Christmas comes at a beautiful time of the year when the pastel blue and pink-tinted sky is seen through a lacy network of bare black branches; when the sun picks out golden leaves hanging on winter-still trees.
Christmas comes at a difficult time of year when days are short and nights are long and cold; when storms bring too much rain and strong winds whip up the sea; a time when it is not good to be sleeping rough.
Christmas comes to friends in Oz with the promise of a beach holiday, of sea swimming and BBQs and incongruous Santa hats.
Christmas comes to Christ-followers in Asia who are persecuted for their faith – who fear imprisonment or abduction or even death on Christmas Day. They keep singing anyway.
Christmas comes with the weight of every Christmas past, layering memory upon memory until the expectation – or the dread – is unbearable.
Christmas brings into focus the secrets of your heart that are somehow easier to carry the rest of the year.
Christmas is a time of dread, of loneliness, of deep heart pain; of panic, exhaustion, and a sense of missing out on all the fun seen on TV.
Because Christmas comes with expectation.
Those blessed with happy family memories remember the exquisite impossibility of expectation – the Santa-sacks and reindeer food, the midnight carols, crackling wrapping paper and chocolate in bed – the secret, indescribable fulfilment of actually getting a longed-for gift. The explosion of gratification, satisfaction, FULFILMENT because someone (was it Father Christmas or mum or dad?) knew me well enough to grant my most secret, unspoken wish.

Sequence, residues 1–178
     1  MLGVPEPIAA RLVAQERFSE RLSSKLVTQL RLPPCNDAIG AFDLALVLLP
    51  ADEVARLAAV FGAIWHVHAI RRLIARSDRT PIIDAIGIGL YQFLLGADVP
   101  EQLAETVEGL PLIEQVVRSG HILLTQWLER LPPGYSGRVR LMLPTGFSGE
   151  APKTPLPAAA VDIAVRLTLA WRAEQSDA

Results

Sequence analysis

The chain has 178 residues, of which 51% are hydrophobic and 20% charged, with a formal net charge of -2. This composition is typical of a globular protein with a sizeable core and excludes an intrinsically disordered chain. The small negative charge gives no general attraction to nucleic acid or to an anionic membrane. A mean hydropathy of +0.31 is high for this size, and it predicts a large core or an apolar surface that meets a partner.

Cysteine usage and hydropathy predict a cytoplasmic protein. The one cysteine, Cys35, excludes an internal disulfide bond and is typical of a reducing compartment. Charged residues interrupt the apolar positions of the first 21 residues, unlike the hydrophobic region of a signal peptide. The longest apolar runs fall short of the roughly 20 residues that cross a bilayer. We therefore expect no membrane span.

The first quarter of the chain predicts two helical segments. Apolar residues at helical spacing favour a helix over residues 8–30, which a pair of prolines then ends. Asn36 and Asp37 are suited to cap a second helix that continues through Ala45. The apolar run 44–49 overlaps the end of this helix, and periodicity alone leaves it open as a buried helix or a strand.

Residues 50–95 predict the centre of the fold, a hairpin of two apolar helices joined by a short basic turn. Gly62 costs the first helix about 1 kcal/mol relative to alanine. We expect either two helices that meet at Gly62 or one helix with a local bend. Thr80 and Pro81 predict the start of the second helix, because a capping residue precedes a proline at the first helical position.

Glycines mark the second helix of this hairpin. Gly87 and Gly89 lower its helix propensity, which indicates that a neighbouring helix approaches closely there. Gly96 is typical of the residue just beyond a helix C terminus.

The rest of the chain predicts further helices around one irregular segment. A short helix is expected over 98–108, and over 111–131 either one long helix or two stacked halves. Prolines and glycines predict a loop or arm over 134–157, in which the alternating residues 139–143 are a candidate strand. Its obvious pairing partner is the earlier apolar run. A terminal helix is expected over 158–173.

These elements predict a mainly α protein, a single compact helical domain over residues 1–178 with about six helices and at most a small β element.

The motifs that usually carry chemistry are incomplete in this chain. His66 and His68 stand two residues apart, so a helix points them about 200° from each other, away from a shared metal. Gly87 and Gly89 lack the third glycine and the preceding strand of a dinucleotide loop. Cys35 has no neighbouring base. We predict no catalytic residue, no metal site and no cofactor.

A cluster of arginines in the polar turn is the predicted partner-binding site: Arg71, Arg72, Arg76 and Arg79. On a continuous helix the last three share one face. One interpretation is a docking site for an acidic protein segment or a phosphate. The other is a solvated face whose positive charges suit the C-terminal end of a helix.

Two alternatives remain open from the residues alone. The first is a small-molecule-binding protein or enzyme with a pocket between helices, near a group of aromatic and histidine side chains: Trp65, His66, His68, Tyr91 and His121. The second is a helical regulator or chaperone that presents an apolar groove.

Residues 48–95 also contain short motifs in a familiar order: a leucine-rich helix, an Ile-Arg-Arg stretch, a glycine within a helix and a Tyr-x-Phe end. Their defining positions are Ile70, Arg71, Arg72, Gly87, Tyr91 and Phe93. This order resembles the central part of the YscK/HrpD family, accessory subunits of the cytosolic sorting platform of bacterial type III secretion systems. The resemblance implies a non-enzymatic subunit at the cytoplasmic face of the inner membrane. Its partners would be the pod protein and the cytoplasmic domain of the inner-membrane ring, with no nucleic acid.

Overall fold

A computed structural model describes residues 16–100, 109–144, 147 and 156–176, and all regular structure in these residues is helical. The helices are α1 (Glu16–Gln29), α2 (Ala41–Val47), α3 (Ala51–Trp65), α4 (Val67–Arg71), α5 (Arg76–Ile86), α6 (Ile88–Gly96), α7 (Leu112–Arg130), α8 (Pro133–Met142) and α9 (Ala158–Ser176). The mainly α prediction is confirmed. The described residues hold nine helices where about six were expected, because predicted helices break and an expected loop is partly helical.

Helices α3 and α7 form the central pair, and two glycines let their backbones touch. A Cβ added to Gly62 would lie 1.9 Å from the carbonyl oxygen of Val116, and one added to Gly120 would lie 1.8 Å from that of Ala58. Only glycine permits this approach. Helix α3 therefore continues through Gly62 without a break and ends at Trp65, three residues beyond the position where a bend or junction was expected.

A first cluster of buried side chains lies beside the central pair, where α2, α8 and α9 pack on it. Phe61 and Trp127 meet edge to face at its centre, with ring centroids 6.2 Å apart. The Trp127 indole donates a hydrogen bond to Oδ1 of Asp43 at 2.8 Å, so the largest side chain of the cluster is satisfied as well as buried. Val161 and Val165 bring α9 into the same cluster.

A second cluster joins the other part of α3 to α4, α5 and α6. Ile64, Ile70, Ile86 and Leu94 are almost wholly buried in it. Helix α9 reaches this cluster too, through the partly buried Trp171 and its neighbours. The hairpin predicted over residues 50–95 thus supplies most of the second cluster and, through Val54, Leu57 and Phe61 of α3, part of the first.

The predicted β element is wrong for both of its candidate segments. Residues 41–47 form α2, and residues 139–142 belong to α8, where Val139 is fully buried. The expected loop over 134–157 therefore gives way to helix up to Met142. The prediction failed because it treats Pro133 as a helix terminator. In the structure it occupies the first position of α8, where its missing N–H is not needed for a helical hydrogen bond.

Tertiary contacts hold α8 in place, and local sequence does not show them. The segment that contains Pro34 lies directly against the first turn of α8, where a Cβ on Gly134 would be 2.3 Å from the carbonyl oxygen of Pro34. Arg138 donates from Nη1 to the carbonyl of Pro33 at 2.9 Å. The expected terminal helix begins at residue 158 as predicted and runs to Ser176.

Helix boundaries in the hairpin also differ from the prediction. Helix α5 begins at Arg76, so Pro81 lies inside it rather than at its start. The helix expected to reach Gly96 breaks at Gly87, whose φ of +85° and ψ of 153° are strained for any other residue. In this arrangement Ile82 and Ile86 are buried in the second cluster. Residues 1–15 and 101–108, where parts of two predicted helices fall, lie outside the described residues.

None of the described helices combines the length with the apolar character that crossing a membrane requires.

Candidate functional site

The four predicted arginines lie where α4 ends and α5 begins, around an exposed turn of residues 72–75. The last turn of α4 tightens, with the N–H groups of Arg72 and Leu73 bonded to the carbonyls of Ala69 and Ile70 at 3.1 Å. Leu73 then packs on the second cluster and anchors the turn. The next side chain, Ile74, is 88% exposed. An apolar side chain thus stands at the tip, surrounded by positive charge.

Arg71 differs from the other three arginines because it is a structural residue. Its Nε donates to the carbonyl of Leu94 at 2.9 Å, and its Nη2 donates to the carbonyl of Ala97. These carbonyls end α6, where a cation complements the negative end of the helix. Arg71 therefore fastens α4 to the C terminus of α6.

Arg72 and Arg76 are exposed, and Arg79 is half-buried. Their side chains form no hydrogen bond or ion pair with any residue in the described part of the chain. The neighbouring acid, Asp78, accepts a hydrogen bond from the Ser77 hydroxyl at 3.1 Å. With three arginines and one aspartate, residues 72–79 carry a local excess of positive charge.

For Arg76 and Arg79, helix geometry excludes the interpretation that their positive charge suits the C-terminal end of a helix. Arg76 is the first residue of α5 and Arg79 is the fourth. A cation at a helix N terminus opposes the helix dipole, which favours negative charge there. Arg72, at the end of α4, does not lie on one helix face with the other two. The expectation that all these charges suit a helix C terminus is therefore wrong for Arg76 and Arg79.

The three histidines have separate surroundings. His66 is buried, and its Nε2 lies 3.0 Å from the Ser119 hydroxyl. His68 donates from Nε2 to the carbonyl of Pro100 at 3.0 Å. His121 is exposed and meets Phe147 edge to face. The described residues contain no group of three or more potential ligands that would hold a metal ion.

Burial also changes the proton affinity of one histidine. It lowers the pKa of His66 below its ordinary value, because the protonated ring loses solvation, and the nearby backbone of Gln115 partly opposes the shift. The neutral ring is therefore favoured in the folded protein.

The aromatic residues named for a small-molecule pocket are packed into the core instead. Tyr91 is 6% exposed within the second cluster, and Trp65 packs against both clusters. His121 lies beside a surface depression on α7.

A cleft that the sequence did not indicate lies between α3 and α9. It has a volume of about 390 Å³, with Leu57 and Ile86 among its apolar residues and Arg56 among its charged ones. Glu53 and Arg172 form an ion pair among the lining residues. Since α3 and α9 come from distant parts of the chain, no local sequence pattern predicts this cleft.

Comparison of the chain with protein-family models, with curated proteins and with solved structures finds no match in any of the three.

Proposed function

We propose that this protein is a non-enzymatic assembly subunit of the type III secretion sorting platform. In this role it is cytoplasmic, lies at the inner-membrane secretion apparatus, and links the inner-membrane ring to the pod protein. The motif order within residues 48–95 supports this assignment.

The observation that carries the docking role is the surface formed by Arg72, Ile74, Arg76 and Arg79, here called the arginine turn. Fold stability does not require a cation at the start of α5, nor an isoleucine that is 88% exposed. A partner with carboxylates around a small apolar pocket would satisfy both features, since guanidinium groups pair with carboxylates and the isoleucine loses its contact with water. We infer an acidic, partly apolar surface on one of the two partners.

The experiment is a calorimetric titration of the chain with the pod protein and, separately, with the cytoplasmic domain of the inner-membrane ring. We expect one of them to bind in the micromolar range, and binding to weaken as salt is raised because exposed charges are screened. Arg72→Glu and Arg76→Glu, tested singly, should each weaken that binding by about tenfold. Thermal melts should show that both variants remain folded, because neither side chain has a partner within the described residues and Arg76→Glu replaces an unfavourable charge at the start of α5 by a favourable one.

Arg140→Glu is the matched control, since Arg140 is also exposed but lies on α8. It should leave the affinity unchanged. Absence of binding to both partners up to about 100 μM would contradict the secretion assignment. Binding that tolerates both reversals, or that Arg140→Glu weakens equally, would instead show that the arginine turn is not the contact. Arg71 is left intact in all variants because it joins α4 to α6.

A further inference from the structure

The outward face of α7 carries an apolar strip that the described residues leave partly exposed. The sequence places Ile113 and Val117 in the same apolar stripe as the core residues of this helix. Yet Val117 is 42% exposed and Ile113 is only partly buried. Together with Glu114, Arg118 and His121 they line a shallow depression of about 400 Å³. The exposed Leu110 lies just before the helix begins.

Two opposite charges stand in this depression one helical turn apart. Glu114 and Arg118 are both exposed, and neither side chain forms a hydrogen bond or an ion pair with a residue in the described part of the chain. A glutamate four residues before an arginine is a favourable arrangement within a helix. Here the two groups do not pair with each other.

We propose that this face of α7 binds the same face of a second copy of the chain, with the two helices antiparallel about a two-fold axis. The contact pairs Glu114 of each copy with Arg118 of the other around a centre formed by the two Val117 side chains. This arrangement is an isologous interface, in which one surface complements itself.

Then the years stack up and life gets hard. There's no mum or dad, no family to huddle with and eat and make merry. It's the lack rather than the abundance which stand out: the lack of a loving partner, the lack of cash to buy the presents the kids really want, the lack of a nice warm home, the lack of happy memories, the heart-pain of missing the kids who are with their 'other' parent, the heart-pain of not having kids, the heart-pain of missing those who have died; the commercialism, the emptiness, the pointlessness of it all – the deep, deep yearning for a sense of belonging. The lack of a Christ in Christmas.
Because Christmas makes sense if you focus all that longing and excitement and pain and loneliness onto a supernatural God who sent Jesus to rescue the world. Jesus who lived with us and simply loved us. Who loves us. Jesus who came to help us escape all this pain and evil, disease and death. Who helps us fight the daily battles of life in this beautiful, limping world. Jesus who knows the secrets of our hearts. Jesus who wants to surprise us with joy. Jesus who knows us well enough to grant our most secret, unspoken dreams. Jesus who heals the sick and raises the dead. Jesus who began life on earth just like we did – as a little baby crying in his mother's arms.